-the other Doug


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nprev
post Oct 11 2007, 06:22 PM
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I was thinking of accretional effects too, Doug, but couldn't think of a plausible sorting mechanism that would put Earth in an O-18 depletion region. Perhaps we're seeing an artifact of LHB here? Objects that originally accreted in different regions of the solar nebula got swept up, and random (well, assymetrically distributed) isotropic enhancements occurred on the final products...?

Actually, though, I like your thought that the discriminating mechanism might be Earth's magnetic field. That's the only erosion barrier that seems to exist on any of the terrestrial planets with atmospheres, and a paucity of O-16 seems more reasonable then an enrichment of O-18.


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ngunn
post Oct 11 2007, 08:01 PM
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QUOTE (nprev @ Oct 11 2007, 05:49 PM) *
Hmm. According to this site, O-18 only makes up 0.2% of the total amount of oxygen on Earth (I assume that's the reference area, anyhow). What could have enriched it on Venus & Mars to the point that 16-12-18 was a more abundant molecule on those worlds than on our own?


I think this is a misunderstanding. The [i]relative[/u] abundance would be similar everywhere but the absolute abundance would be very low on Earth because here CO2 is only a trace gas to start with, as opposed to making up most of the atmosphere as on Mars and Venus. So you're talking 1 percent of a small quantity giving an undetectable spectral signature while 1 percent of a heck of a lot becomes detectable. I should have specified absolute abundance in my post.
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nprev
post Oct 11 2007, 09:12 PM
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Okay, I'm with you now...funny how assumptions can mess you up! rolleyes.gif So this finding is perhaps not so surprising after all.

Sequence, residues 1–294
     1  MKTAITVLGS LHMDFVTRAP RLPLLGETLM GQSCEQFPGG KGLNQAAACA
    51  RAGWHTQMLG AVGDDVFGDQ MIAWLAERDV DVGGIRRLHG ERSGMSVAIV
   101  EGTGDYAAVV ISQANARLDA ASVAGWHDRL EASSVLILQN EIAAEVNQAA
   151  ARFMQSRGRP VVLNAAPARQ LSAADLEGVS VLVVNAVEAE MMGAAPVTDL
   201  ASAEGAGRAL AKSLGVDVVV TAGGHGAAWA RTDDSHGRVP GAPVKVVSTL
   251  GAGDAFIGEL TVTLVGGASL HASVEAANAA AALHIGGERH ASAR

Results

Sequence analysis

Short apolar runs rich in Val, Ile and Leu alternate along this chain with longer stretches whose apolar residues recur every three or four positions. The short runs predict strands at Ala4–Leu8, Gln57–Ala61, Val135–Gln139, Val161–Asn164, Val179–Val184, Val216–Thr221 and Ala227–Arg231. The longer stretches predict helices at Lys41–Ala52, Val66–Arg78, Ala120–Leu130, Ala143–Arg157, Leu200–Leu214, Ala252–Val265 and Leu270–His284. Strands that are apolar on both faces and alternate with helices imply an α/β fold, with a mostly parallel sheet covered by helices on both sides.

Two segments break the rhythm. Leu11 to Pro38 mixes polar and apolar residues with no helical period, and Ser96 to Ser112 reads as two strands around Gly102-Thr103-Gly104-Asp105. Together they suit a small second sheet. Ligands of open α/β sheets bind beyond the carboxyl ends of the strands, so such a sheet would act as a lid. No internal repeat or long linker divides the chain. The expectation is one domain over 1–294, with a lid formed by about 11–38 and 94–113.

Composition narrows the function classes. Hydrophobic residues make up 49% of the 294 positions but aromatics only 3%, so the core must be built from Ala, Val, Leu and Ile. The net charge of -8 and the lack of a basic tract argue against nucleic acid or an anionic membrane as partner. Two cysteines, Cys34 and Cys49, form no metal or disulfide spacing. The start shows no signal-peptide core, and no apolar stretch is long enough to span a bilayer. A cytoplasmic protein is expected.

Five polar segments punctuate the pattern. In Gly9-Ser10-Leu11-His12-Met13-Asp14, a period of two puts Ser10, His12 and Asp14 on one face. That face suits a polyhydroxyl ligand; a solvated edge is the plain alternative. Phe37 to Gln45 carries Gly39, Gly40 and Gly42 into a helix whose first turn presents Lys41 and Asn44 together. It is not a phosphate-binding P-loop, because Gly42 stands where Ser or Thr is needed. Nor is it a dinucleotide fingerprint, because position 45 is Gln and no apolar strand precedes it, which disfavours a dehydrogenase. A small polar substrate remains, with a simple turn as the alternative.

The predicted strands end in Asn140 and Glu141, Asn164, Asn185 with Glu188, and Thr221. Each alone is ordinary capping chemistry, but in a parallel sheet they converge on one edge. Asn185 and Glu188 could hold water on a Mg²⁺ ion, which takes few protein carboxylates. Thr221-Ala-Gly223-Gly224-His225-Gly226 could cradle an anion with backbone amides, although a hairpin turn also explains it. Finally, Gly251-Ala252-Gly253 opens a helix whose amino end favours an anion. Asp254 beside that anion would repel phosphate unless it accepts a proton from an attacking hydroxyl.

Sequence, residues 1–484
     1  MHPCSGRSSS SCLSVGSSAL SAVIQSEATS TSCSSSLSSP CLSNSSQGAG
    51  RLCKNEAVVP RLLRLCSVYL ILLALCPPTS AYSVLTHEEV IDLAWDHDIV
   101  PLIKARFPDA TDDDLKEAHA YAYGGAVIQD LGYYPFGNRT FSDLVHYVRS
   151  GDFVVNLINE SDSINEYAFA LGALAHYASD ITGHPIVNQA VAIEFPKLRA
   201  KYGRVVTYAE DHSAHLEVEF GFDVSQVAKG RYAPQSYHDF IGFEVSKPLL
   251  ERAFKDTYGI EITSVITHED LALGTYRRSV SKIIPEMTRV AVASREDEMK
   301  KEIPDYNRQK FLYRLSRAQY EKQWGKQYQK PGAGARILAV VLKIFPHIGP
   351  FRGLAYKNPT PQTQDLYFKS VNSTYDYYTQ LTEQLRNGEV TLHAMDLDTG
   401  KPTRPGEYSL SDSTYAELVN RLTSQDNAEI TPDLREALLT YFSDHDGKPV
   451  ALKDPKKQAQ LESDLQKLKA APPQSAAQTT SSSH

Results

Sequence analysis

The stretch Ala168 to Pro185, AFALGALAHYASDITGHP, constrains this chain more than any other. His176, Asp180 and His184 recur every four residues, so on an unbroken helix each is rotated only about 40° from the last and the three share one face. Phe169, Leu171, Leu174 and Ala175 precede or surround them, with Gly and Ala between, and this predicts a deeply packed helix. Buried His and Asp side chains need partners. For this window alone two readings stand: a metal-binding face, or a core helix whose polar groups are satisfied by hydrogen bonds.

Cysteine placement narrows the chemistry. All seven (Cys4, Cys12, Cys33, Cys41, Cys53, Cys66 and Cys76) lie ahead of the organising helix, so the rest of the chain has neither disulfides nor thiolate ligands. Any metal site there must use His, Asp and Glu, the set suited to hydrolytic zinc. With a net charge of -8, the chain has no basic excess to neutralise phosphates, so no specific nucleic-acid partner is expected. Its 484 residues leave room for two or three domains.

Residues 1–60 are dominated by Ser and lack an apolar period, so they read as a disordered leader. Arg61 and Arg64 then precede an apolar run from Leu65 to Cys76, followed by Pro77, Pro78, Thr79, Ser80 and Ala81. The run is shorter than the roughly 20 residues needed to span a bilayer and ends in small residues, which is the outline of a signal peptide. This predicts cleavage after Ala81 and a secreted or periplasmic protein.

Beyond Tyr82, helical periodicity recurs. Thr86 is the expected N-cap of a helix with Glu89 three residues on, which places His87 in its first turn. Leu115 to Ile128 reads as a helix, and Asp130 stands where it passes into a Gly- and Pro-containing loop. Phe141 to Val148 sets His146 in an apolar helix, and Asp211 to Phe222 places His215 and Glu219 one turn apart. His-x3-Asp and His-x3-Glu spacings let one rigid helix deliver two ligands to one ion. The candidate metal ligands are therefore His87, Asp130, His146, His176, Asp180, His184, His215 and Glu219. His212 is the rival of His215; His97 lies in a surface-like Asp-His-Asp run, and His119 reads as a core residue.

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ngunn
post Oct 11 2007, 09:22 PM
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QUOTE (nprev @ Oct 11 2007, 10:12 PM) *
So this finding is perhaps not so surprising after all.


Indeed, it's in the category of could-have-been-foreseen-but wasn't. I like those ones!
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tuvas
post Oct 12 2007, 01:42 PM
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QUOTE (ngunn @ Oct 11 2007, 08:46 AM) *
Thanks for posting that. The word 'isotopologue' is new to me, as is the fact that molecular mass asymmetry not only displaces normal spectral features slightly but creates completely new absorption bands. IIRC normal CO2 is not an effective greenhouse gas on Venus because Venus is hotter than Earth and emits mainly shorter IR wavelengths. (I believe it's water vapour that works on Venus as normal CO2 does here.) So this lopsided CO2 and its special effects are a really exciting discovery.


Water vapor is actually the primary greenhouse gas on Earth, to such an extend that it's maxed out. CO2 isn't maxed out, and that's why global warming scientists believe that it is such a problem, but that's a topic for another thread. Still, the massive amounts of CO2 on Venus, while they might not be in the primary spectrum regions, would still act as quite an efficient greenhouse gas, although water vapor might be more effective there as it is here.
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ngunn
post Oct 12 2007, 02:10 PM
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Nice clarification, thanks tuvas.